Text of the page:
In the past, mental health was a very taboo subject everywhere—in the home, in schools, and especially in the “professional” workplace. The common misconception was that, if someone is experiencing mental health issues, they must be unstable, or volatile, or of unsound mind. Obviously now, we know that is about as far from the truth as possible, because so many people struggle with these issues on a daily basis. Sometimes it’s because of environmental stress, or job stress, or even just a genetic disposition to chemical imbalances in the brain that cause our bodies and minds to function differently. It’s become a hot button issue in recent years, as the dialogue around mental health (and its accompanying stigma) has opened up to include discussions of mental health within the professional sphere. 

This has all come into extreme focus in the last year and a half with the COVID-19 pandemic. According to an article in the Harvard Business Review, “at the end of March and in early April, [a] nonprofit organization, Mind Share Partners, conducted a study of global employees in partnership with Qualtrics and SAP. We found that the mental health of almost 42% of respondents had declined since the outbreak began.” Everyone, and I mean everyone, has been under a state of sustained and prolonged distress, and for much of that time, a state also without hope for any resolution. As companies went under and layoffs abounded, employees everywhere felt the sting of the virus’s overwhelming economic impact. Bosses, too, experienced massive amounts of stress at having to furlough good people. Effectively, no one is safe from the negative side effects of a major crisis, and caring for each other with understanding and empathy is something that we should all strive to do, and that bosses especially need to be striving for right now.

So what can we learn from this? Well, one thing that has arisen from the ashes of this crisis is the better sense that we need to look out for each other, and that rings true for supervisors and their employees.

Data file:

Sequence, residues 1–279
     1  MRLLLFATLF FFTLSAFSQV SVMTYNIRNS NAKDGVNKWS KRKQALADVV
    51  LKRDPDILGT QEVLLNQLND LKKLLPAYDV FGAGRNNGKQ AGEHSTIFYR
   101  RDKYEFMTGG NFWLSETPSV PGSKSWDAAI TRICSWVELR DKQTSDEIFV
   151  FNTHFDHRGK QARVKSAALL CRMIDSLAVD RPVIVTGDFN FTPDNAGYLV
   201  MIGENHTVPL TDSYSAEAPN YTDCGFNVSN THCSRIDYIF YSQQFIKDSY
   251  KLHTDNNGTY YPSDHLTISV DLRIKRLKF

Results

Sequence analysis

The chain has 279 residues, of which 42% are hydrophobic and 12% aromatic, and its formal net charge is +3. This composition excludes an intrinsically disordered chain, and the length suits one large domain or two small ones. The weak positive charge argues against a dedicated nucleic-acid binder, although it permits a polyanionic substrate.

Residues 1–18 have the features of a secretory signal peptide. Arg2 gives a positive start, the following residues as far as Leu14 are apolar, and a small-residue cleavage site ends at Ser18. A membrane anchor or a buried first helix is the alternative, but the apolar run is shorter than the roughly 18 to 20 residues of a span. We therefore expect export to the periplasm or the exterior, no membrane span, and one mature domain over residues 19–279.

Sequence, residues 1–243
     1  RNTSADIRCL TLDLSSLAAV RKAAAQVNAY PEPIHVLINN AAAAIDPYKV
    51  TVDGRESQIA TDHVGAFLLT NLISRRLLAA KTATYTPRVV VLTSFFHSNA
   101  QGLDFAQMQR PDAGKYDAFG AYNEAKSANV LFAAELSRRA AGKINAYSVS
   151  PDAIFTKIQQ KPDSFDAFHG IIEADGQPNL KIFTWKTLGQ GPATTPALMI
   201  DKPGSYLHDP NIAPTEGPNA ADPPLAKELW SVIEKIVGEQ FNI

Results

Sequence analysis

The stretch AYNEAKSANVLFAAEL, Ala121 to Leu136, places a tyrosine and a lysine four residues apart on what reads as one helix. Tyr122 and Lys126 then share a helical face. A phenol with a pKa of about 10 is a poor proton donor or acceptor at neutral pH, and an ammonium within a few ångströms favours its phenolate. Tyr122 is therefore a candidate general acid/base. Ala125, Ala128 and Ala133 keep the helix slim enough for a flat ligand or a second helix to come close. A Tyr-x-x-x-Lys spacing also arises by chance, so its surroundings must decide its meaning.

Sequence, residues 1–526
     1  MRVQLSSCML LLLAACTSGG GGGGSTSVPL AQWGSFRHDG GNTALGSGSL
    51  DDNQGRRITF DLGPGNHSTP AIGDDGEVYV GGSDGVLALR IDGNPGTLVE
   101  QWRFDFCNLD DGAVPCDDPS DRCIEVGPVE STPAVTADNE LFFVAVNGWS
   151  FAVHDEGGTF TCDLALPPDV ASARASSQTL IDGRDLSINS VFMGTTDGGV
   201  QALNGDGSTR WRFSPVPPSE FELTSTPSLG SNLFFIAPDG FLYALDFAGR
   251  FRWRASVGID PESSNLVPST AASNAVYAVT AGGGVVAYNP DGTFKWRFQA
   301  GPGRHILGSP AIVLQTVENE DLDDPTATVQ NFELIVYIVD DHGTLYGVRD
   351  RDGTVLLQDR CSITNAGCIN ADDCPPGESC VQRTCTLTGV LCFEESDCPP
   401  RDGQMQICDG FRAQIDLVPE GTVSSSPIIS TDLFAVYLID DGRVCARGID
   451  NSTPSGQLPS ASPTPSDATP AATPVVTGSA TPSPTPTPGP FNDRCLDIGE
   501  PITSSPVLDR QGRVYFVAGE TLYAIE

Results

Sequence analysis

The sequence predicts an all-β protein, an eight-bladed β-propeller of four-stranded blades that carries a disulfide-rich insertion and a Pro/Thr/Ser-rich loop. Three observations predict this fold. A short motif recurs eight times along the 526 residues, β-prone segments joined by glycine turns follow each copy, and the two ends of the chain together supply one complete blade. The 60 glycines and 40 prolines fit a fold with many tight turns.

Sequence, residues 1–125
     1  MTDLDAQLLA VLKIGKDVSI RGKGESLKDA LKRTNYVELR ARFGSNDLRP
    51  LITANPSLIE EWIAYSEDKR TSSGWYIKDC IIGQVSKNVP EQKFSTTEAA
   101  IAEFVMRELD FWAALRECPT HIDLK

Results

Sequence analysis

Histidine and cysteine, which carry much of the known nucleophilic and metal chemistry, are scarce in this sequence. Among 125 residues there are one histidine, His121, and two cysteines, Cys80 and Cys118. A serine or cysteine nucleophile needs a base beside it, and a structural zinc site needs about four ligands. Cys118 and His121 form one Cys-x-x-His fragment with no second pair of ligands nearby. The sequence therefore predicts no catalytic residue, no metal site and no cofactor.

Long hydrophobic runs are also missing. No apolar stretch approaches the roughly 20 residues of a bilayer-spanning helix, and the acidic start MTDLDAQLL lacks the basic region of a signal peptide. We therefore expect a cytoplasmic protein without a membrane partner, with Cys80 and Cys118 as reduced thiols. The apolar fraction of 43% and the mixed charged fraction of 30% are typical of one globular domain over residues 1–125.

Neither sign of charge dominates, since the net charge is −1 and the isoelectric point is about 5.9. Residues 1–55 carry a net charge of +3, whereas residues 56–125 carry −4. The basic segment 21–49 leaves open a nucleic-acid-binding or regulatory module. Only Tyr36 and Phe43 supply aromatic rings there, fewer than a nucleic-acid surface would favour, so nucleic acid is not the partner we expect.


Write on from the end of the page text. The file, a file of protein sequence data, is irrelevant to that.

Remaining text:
They say a happy worker is a productive worker, and true happiness lies in the feeling that employees are “psychologically safe” in their jobs. That security is bolstered by compassionate and empathetic bosses who regularly check-in with their people, and do everything in their power to assure their employees that they will be okay and that the boss is there for them no matter what. So, how can you as a leader actually do a better job of caring for your people? Here are some concrete action steps for doing so.

  1. Check in with your people. Show them that you care by consistently checking up on them in meaningful ways. Try to understand their context and the struggles they might be facing. Uncover those, and offer support in those areas. Just knowing that you’re there for them can make a huge difference. 
  2. Be honest about the situation. As a leader, it’s typically a no-no to show fear to your team, but in cases like these, it helps your team when you as a leader can be vulnerable. Be honest about the struggles you’re facing as a company, and don’t sugarcoat things. However, make sure you infuse a spirit of hope into your messages, so that you’re “shooting form the hip” doesn’t turn to being a cynical realist. 
  3. Be honest about YOUR feelings. You’re not impervious to emotions, and you’re certainly not impervious to stress. Show your team that you’re a real person, too, who is having difficulty in facing these issues. There is solidarity in knowing that people aren’t alone in suffering. It doesn’t make it hurt any less, but it helps to let your people know you’re in it together. 
  4. Offer resources to your employees. Include in the health insurance plan options for mental healthcare providers. This also helps with the next point.
  5. OPEN THE DIALOGUE. Let your people know it’s OKAY not to feel okay, and that there is no shame or stigma in that. Let everyone in the company know that resources are readily available to them and that they’re not alone. 

With these strategies, we can each try and be a little bit of a better, more empathetic boss, and make sure our employees are taken care of in their mental health. For more tips like this on leading through times of stress and crisis, workplace happiness, and helping your team adapt, check out our courses taught by the world’s top business executives, leadership coaches, and industry thought leaders.

Resources: hbr.orgglassdoor.com

Photo credits: Photo 1, Photo 2, Photo 3

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